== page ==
When looking through the list of possible campus resources I was surprised by many of them, I had not heard of over half of them and was unaware that so many things are available to me as an Ohio State student. As I looked through my options, the one that caught my eye was the Campus Career Center. This seemed extra helpful to me because I know the areas that I ma interested in but I am not sure how they can work together for me to become a career outside of college major or minor.

Once I decided that I was going to then Career Counseling Center I checked out their website, which may I say, is the worst thing about this resource. It was very poorly organized and I did not find any of the information I needed until quite a few moments of searching. Once I was able to find how to make an appointment (I would have to call), I wrote down the number because it was too late to call at this point.

Over the next 3 days I tried calling a few times and even left 2 voicemails but every time I called they told me the line was busy or that they were closed for the day, even if it was in the hours they said to call in. This was frustrating so I decided to risk it and go all the way to the Younkin Success Center which is a walk and a half from .my door. It was a big risk to go without an appointment as they only take 4 walk ins every day and you have to go at specific times and may have to wait a long time for an open consultant.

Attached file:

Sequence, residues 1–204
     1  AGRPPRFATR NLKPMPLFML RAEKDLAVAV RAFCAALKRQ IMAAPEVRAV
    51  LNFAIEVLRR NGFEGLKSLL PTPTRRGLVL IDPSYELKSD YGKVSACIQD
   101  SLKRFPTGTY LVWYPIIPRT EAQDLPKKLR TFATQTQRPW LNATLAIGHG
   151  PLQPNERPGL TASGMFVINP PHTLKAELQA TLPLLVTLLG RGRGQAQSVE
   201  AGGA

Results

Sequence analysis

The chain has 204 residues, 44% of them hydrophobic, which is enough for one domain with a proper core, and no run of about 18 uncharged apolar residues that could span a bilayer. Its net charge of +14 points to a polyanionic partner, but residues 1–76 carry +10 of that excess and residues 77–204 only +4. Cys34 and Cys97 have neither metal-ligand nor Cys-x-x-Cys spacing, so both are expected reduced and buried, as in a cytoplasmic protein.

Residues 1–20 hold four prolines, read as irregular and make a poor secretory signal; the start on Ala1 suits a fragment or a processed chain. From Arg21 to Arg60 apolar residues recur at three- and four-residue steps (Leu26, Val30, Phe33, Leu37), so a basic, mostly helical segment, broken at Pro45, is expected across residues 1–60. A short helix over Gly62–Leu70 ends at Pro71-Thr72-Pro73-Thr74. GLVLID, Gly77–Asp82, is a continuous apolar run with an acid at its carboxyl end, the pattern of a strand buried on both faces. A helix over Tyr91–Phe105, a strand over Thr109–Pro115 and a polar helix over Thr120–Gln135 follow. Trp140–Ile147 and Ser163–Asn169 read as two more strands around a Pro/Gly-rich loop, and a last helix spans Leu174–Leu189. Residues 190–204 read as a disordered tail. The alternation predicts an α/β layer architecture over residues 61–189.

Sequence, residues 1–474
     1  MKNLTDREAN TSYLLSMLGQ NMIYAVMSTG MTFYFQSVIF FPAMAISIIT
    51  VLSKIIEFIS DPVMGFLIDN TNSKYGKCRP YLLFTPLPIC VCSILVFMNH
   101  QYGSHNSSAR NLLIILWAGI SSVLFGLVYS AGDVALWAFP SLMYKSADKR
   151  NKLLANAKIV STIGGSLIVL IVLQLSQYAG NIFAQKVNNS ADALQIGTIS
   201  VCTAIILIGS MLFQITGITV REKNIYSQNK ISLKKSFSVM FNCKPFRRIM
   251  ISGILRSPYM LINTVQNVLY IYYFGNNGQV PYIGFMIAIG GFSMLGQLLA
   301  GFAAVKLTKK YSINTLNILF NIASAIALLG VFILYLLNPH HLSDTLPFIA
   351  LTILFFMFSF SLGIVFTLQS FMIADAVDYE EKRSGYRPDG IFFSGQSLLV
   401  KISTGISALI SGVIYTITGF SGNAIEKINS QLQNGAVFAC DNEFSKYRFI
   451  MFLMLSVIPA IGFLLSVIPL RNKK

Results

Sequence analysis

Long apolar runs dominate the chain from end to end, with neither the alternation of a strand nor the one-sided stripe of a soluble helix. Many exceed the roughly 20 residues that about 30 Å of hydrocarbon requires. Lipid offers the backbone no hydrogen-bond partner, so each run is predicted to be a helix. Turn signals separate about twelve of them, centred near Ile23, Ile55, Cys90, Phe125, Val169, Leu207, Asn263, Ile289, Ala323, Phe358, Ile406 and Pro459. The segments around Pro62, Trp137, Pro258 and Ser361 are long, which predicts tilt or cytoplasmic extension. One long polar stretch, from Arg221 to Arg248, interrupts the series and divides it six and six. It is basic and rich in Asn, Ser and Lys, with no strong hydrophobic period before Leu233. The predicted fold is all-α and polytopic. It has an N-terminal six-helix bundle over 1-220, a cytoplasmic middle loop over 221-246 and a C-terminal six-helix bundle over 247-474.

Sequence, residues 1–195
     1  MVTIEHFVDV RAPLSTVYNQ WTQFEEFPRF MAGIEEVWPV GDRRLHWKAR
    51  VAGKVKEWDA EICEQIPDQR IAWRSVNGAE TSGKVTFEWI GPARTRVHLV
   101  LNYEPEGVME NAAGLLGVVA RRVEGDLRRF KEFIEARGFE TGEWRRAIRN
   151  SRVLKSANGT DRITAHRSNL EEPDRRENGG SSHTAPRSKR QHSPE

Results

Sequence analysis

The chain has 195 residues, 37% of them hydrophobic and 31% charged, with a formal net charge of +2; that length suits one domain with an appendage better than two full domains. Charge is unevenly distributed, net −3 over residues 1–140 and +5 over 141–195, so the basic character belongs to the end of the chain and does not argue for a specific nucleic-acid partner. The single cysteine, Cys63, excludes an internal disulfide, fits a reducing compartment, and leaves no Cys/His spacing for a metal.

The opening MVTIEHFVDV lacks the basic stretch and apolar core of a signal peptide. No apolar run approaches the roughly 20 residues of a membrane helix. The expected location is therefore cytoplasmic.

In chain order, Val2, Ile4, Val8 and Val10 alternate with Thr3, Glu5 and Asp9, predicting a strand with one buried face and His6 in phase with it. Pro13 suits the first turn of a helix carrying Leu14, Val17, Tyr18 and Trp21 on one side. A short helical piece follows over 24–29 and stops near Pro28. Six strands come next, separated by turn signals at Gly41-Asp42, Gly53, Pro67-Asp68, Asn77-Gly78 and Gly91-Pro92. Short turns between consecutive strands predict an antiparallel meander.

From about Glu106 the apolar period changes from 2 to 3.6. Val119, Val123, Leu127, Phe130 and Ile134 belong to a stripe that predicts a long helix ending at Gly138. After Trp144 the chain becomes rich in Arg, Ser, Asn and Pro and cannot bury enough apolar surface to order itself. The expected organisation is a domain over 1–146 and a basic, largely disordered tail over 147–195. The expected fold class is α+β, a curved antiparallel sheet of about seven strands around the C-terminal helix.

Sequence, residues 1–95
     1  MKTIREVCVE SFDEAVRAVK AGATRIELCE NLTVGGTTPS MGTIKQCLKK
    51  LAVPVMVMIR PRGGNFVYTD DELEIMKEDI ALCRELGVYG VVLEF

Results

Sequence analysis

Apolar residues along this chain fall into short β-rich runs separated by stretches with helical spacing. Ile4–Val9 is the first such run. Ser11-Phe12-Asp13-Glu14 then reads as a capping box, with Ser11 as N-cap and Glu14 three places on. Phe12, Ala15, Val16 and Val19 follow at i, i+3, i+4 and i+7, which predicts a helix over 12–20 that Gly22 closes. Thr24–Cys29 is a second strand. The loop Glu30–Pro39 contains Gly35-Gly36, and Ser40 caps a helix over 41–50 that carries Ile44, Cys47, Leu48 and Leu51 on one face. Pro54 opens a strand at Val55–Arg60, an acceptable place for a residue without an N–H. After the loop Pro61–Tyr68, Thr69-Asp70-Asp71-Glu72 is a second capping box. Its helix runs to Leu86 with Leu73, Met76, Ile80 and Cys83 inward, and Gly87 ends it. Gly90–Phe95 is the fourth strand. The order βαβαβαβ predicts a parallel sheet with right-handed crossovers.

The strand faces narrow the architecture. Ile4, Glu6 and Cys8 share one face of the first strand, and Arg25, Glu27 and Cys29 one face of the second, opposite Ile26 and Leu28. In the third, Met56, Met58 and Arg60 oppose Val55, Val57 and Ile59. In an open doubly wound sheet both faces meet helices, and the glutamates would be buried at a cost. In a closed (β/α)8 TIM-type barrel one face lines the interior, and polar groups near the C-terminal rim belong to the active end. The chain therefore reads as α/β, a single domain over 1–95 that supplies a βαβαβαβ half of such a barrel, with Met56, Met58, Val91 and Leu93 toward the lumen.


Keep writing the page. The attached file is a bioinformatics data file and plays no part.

Luckily there was one walk in slot left and I didn’t have to wait more than 20 min to get into my meeting. When I checked in they gave me a sheet to fill out where I put things down like my major, possible minors and interests.

Once I talked to my consultant for a little bit about how I found my interests he had me take a few online quizzes to see if they aligned with my thoughts, and I was also able to pull up scores that from a test I had taken in high school about future career paths.

Once analyzing my mixture of quizzes and data he was able to give me advice on what kinds of paths I could take and more people I could go talk to about that. Because I had a walk in appointment my time had run out quickly and it was time for him to move onto his next student.

Of all of the posts we have done so far- I did not see myself being excited or even benefiting from trying the things on campus. But to my pleasant surprise, I was wrong and I feel that my experience definitely will help me in the future. I will probably returning to see if I can get more direction as I was cut off by time in my first visit.

Trying a Student Org!